Sorry in advance, Lost Angeles. I usually like to keep Monday like a stack of pancakes, light and fluffy and syrupy. The thing is, that is not to be on this Monday deep in the least summery of Augusts I can remember since moving to California. It’s just not going to happen.
On Friday, a funeral. On Saturday, a wedding. It was the kind of weekend that put a lot in perspective, both how much there is to look forward to and how much we have to lose.
The sunniest day in memory saw a congregation of friends atop the grounds of the most serene cemetery in Los Angeles. We were almost behind the entire city staring down at the whole sprawl of it. People in suits and dresses moving quietly towards a church tucked in the beginnings of our best attempt at a forest. I always appreciate the way humans find comfort in congregating. I feel more human at funerals than I normally do. It’s a morbid place for the world to make sense, but there is some sort of slow motion I experience. You could almost set it a poignant 70s classic rock track, like the end of movie where everyone says goodbye.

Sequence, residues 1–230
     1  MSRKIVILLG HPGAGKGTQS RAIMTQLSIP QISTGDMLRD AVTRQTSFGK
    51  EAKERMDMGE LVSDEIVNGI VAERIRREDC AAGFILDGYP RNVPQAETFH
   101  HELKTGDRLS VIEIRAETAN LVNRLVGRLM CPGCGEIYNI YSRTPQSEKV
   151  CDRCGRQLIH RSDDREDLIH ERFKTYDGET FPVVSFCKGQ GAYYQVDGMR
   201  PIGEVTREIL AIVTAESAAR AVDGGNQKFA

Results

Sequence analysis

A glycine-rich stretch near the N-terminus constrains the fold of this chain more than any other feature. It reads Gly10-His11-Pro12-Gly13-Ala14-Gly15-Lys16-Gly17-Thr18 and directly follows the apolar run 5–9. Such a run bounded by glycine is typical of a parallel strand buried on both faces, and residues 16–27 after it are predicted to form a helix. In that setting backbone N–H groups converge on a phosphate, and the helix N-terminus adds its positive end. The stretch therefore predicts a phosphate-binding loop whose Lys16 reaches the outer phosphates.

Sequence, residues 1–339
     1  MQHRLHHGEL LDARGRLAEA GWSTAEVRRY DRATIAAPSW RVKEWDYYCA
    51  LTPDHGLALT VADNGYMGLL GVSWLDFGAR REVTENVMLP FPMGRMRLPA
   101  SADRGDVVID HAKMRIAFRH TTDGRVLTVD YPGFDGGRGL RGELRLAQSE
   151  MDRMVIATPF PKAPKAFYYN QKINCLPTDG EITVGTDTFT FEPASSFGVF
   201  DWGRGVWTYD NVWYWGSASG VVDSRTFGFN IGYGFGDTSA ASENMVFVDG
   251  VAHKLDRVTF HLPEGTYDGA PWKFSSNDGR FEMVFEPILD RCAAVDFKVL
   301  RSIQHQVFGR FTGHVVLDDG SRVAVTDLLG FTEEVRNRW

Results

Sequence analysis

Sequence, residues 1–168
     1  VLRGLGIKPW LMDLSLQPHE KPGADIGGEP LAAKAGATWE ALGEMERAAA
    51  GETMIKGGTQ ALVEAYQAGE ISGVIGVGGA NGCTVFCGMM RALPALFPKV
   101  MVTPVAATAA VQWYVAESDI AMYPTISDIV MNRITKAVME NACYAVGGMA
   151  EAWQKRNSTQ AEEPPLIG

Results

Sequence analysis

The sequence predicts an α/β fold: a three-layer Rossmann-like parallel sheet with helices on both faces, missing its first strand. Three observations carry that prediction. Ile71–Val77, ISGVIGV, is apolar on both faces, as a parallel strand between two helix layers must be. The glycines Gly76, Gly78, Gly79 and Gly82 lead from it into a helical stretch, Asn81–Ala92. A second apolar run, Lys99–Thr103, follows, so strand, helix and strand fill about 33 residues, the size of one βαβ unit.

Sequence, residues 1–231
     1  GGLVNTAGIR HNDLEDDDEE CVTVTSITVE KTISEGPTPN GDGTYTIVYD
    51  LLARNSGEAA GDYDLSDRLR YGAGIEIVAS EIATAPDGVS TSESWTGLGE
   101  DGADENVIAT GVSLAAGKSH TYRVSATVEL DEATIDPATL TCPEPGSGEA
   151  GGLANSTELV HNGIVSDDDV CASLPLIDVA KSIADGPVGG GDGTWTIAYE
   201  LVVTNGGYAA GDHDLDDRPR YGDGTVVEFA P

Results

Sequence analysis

Afterwards, we’re drinking in a bar and I am listening to people tell their stories. It blends into night and I am at a restaurant drinking wine in some kind of a daze. My steak was raw and I didn’t think to send it back. Pile it on my catharsis for the time being. No one can stop me from staring my maker in the face at times like this. I know what is coming for us all which is the only thing that ever helped me deal with it. Things go silent in my head at dinner and I see people’s lips moving and all I can hear is Jets to Brazil’s Sea Anemone in my head… “Starfish with it’s arms out in a daze staring at the stars through and ocean haze…”
At some point I wake up and it is morning. It is time for a wedding. The opposite end of the spectrum. All the best feelings. The event is perfect. It is a testament to the great friendships I’ve been blessed with in the last few years. It’s warm and the whole city of Manhattan Beach feels like a party.
Halfway through the night I felt like I got sick. I think going from human tragedy and back to the extreme opposite took it out of me. I am exhausted during the last song and I watch the bride and groom take a shot with the bartender. They have done it, succeeded in connecting their lives. Emily snaps a photo and it’s my favorite we ever took with this camera. They look happy and relieved and excited to be on the heels of a honeymoon. They look like they made the right decision.
That’s all for now.